Tiny Teeth, Will Bite – the Bats of San Juan Island

Tiny Teeth, Will Bite – the Bats of San Juan Island

Hello loyal readers,  

Welcome to my third blog post. My first two were quite dry, so I’m attempting a new tone: something light-hearted and relatable. I’ll be saying “chillax” a lot. Just kidding. 

This week, I’ll be sharing my encounter with an inspiring individual. Over the past month, I’ve had the pleasure of meeting several remarkable scientists, which made it challenging to narrow down my choice. In the end, I opted for a group of scientists who were conducting bat surveys on San Juan Island. They belong to the Inventory and Monitoring group for the North Coast and Cascades Network, based in Mt. Rainier. It is a group that I didn’t know existing before this internship and now I am obsessed. You get to travel to different national parks for your job? You get to study all different types of cool species like bats and foxes? Sign me up! …But honestly if you know anyone, let me know.

                They are currently checking the bat populations in their network for White-nose bat syndrome. The syndrome is a devastating fungal disease that affects hibernating bat species in North America. The syndrome is characterized by the growth of white fungus on the muzzle, wings, and other body parts of infected bats. The fungus thrives in cold and humid hibernation sites, leading to physiological disruptions in infected bats, including abnormal behavior and depletion of vital fat reserves necessary for winter survival. Thankfully the disease has yet to show up on San Juan Island.

                After their work on San Juan Island, they planned to head to a remote road in Canada for more bat surveys. However, they needed to stop by headquarters to pick up their passports. Does it get cooler than that? Answer: No.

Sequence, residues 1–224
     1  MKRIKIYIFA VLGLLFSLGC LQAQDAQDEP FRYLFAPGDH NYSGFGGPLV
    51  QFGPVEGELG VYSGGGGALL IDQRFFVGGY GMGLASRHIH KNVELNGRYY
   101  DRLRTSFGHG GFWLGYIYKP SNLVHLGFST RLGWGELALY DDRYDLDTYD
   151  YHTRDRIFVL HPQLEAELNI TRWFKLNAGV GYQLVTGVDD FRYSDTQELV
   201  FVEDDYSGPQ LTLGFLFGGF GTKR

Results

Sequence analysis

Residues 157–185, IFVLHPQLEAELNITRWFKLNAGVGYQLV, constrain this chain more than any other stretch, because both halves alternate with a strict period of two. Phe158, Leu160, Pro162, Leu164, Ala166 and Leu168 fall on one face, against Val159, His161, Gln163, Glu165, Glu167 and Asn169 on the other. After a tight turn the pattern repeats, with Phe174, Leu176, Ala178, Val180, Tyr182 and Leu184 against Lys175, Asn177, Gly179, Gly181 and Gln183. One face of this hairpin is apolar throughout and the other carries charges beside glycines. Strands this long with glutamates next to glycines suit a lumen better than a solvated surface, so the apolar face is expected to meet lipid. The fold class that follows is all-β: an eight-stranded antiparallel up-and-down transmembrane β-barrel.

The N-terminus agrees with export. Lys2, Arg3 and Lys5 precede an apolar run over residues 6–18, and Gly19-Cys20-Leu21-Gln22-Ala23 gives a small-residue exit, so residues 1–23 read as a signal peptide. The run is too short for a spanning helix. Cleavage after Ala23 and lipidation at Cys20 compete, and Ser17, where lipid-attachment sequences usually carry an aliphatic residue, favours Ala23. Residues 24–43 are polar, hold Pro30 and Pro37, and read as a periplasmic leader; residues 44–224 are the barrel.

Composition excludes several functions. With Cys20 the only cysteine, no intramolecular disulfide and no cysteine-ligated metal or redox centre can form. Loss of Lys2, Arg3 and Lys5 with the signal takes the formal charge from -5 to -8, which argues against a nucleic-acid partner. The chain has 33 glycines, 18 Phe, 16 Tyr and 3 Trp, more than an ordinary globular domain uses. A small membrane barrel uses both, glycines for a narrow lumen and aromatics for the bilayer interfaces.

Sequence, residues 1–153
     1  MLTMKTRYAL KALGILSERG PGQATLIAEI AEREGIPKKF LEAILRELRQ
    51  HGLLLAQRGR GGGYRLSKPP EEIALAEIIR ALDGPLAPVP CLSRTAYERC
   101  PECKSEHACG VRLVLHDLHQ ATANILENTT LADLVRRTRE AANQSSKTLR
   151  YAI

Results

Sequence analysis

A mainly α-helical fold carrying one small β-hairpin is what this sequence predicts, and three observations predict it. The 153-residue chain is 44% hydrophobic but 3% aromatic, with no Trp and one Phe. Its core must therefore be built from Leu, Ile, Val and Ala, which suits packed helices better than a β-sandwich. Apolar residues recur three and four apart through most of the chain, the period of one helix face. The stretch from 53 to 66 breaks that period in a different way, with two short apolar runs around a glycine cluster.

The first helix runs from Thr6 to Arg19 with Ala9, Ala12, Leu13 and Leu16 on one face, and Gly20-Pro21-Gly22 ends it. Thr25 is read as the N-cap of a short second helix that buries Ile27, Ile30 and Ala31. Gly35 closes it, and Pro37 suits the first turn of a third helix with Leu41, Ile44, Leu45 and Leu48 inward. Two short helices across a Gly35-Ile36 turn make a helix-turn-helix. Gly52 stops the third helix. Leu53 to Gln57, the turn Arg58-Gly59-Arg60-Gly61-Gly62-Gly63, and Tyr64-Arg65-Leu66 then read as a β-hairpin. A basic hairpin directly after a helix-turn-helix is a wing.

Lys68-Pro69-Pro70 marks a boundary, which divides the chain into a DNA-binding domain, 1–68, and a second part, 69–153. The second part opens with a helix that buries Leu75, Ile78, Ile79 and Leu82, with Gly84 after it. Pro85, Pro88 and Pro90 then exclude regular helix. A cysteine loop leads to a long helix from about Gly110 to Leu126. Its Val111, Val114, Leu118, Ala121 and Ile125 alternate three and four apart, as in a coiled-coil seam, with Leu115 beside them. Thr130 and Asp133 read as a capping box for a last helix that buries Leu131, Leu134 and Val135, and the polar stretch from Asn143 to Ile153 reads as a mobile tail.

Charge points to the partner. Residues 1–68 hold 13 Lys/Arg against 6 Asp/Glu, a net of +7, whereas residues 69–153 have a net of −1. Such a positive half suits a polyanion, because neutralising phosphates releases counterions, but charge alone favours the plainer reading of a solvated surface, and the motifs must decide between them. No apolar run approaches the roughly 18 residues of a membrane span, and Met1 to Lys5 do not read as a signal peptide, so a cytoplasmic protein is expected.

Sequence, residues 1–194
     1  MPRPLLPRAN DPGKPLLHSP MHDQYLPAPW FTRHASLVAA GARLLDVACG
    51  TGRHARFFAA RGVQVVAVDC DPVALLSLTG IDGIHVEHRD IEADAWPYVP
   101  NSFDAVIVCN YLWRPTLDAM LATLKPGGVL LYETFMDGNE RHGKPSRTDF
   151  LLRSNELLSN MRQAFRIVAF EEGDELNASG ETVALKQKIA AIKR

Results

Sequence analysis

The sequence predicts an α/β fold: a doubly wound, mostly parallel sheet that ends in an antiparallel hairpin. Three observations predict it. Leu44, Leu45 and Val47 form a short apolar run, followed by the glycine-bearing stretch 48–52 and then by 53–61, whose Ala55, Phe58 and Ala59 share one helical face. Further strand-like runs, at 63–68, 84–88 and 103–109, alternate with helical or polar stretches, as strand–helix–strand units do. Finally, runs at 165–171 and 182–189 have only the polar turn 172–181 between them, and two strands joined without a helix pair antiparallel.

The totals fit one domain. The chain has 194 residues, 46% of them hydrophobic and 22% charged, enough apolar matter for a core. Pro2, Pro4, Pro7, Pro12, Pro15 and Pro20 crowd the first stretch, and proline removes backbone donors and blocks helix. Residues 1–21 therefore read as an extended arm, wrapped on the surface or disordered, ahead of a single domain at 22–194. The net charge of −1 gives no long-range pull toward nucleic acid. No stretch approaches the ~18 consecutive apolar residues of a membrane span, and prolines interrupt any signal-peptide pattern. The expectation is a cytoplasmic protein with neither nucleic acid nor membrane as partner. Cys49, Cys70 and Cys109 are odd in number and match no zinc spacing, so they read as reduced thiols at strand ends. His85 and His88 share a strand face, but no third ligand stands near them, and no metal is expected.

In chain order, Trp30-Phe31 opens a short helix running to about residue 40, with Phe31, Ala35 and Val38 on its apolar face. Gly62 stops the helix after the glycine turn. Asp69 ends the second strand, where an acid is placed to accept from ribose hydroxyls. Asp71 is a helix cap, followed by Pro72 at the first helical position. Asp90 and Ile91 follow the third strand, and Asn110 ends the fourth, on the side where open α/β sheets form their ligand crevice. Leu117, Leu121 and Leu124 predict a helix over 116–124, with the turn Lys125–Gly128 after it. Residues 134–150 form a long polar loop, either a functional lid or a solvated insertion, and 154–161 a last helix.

In the evening, I spent a couple of hours with the team, assisting them with bat counts and data recording. We sat on lawn chairs and tree stumps, patiently waiting for the sun to set and the first bat to appear. At English Camp, there’s a clearing in the forest with three large wooden boxes mounted on a pole. These boxes serve as a home to approximately 550 female bats and are known as a nursing colony. The species, Myotis yumanensis, emerges at dusk and dawn to hunt for flying insects like moths, froghoppers, leafhoppers, June beetles, ground beetles, midges, and mosquitoes. They usually emerge in groups of 2-5 individuals. My theory is the groups are made up of besties. They get ready in their bat enclosure together for a night on the town and gossip about where the juiciest mosquitos could be found. I have yet to find data to support my theory, but I will keep you updated.

Armed with clicker counters, each of us clicked in unison as the bats started to emerge regularly. It was a monotonous symphony that lasted about an hour. We didn’t receive a standing ovation, but one person did get bat poop on their face. We stopped counting once the first bat returned to the box, hopefully satisfied with a full belly and experiencing a bat version of a food coma.

                In addition to counting, the group also attached a plastic chute and a pillowcase to the exit of the northernmost box. Any bat attempting to fly out would unintentionally collide with the plastic and awkwardly flop into the pillowcase below, sometimes accompanied by a disgruntled squeak. I couldn’t help but feel a little embarrassed for them. I imagined they might be thinking, “Did I take a wrong turn? I followed this route yesterday… probably construction.”

                While waiting for the pillowcase to fill up, the group engaged in casual conversations about other research projects. In one particular bat research project, someone spent two days driving around, chasing the beeping sound of their phone charger because it uncannily resembled their bat tracking signal.

                The night concluded with measuring and swabbing the bats collected in the pillowcase. We were checking to see if the population is healthy and if there are any traces of white nose bat syndrome. They turned out smaller than I had expected, almost the size of a chicken egg, and they fiercely bit at anything that came near their mouth. I admired their determination; it somehow made them even more adorable. After gathering our data, we released them into the night to rejoin their fellow bats. I began the night somewhat wary of bats, but ended up hoping I would encounter one again in the near future. Fingers crossed. 

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